Green energy: Wind energy agreement will provide savings, 50 percent of electricity needs for Kansas State University Manhattan campus

    Kansas State University has signed an agreement with Westar Energy to provide approximately 50 percent of the energy needs for the university's main Manhattan campus from a wind farm in Nemaha County and save the university nearly $200,000 annually.

    INCITE grants awarded to 62 computational research projects

    The U.S. Department of Energy announced new projects for 2019 through its Innovative and Novel Computational Impact on Theory and Experiment (INCITE) program.

    Argonne's Raj Kettimuthu Named ACM Distinguished Member

    Argonne computer scientist Raj Kettimuthu recently was named a Distinguished Member of the Association for Computing Machinery for his development of tools to analyze and enhance end-to-end data transfer performance.

    Jefferson Lab-Affiliated Researchers Honored as APS Fellows

    The Department of Energy's Thomas Jefferson National Accelerator Facility now has a few more fellows on campus. The American Physical Society, a professional membership society that works on behalf of the physics community, recently announced its list of 2018 fellowships.

    Jefferson Lab Receives DOE Award for Energy Efficient Upgrade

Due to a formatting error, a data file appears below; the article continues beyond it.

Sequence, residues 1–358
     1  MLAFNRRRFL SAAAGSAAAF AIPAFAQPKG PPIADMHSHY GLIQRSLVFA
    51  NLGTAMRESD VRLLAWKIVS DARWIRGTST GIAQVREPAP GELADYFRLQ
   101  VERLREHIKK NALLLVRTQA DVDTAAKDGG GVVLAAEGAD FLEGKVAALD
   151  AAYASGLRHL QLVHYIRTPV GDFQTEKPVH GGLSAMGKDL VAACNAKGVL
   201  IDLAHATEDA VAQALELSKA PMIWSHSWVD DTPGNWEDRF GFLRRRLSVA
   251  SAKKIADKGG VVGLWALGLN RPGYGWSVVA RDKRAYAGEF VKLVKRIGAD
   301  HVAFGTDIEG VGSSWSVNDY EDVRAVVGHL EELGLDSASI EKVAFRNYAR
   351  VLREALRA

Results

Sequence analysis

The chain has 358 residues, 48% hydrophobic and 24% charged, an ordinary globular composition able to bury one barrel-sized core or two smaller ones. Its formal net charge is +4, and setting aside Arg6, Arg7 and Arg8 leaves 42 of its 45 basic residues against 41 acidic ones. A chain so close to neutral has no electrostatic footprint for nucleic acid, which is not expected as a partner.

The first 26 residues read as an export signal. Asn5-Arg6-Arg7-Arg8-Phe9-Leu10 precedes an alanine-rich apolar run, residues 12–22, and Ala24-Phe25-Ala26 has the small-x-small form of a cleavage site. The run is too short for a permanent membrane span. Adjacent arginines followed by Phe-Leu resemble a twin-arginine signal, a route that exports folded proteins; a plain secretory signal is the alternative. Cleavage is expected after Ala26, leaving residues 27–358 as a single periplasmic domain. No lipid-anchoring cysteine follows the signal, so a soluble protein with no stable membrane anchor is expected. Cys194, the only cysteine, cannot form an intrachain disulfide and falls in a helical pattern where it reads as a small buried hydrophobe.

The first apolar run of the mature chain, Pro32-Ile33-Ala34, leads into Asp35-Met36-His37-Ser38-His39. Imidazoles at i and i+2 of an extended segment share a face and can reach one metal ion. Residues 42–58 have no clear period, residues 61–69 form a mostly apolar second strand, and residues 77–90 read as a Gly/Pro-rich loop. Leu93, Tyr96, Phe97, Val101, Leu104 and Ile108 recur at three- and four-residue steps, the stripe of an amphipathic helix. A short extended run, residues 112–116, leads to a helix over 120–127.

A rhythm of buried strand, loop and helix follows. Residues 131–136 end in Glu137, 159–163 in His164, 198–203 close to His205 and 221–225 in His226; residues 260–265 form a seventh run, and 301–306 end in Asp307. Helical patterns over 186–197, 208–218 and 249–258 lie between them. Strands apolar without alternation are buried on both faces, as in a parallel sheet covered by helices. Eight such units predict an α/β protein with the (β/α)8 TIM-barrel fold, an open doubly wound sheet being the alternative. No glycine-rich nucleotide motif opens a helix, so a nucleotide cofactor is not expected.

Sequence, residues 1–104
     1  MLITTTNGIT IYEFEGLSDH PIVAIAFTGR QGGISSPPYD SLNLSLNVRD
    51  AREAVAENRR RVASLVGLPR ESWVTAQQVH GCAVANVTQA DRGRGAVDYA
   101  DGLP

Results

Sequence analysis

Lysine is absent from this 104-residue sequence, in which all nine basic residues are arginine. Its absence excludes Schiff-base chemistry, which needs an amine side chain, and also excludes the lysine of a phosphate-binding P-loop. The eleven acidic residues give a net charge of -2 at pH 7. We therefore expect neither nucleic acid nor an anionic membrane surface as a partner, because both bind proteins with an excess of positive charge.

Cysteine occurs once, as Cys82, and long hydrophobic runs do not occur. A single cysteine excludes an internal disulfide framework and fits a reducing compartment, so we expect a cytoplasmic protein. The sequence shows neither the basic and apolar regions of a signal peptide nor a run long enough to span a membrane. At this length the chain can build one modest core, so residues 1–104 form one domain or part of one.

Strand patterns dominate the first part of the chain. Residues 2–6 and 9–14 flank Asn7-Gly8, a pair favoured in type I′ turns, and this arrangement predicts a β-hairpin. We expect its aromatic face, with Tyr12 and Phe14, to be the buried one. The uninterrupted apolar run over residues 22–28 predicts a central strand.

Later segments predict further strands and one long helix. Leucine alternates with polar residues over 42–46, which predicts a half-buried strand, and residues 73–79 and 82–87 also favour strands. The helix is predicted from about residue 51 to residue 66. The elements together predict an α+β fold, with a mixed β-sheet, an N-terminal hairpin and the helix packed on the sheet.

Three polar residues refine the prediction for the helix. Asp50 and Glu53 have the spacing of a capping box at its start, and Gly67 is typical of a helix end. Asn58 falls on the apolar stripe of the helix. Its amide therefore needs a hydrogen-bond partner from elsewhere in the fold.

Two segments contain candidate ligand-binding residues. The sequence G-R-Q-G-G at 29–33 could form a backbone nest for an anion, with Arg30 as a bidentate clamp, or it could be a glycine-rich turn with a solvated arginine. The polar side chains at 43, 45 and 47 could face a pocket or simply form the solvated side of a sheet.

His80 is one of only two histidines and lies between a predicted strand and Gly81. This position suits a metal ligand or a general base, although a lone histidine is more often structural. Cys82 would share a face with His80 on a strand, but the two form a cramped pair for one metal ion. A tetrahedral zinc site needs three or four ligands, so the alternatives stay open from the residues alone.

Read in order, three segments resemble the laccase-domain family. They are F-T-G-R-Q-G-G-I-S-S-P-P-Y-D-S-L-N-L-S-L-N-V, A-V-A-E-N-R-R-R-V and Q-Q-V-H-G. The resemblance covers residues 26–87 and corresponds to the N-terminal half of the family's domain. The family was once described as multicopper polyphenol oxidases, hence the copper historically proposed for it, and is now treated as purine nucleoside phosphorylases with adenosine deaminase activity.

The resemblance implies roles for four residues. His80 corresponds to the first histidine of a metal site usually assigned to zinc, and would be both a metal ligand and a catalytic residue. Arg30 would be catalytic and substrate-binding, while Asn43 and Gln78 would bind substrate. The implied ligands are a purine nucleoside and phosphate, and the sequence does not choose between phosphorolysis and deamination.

On Oct. 23, a team from the Department of Energy's Thomas Jefferson National Accelerator Facility was honored at the 2018 Federal Energy and Water Management Award Ceremony for upgrades made to the lab's data center, ultimately improving its energy efficiency.


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    Microbes Eat the Same in Labs and the Desert

    Analyses of natural communities forming soil crusts agree with laboratory studies of isolated microbe-metabolite relationships.

    Diverse Biofeedstocks Have High Ethanol Yields and Offer Biorefineries Flexibility

    Evidence suggests that biorefineries can accept various feedstocks without negatively impacting the amount of ethanol produced per acre.

    Opening Access to Explore the Synthetic Chemistry of Neptunium

    New, easily prepared starting material opens access to learning more about a difficult-to-control element in nuclear waste.

    Tiny Titanium Barrier Halts Big Problem in Fuel-Producing Solar Cells

    New design coats molecular components and dramatically improves stability under tough, oxidizing conditions.

    Turning Wood Scraps into Tape

    A new chemical process converts a component of wasted wood pulp and other biomass into high-value pressure-sensitive adhesives.

    Very Heavy Elements Deliver More Electrons

    Scientists revise understanding of the limits of bonding for very electron-rich heavy elements.

    Probing Water's "No-Man's Land" Temperature Region

    Measuring the physical properties of water at previously unexplored temperatures offers insights into one of the world's essential liquids.

    Novel Soil Bacteria with Unusual Genes Synthesize Unique Antibiotic Precursors

    A large-scale soil project uncovered genetic information from bacteria with the capacity to make specialized molecules that could lead to new pharmaceuticals.

    Warmer Temperatures Lengthen Growing Season, Increase Plants' Vulnerability to Frost

    Experimental warming treatments show how peatland forests may respond to future environmental change.

    Rising Stars Seek to Learn from the Master: Mother Nature

    A trio of scientists was recognized for their early career successes in uncovering how microbes produce fuel, insights that could change our energy portfolio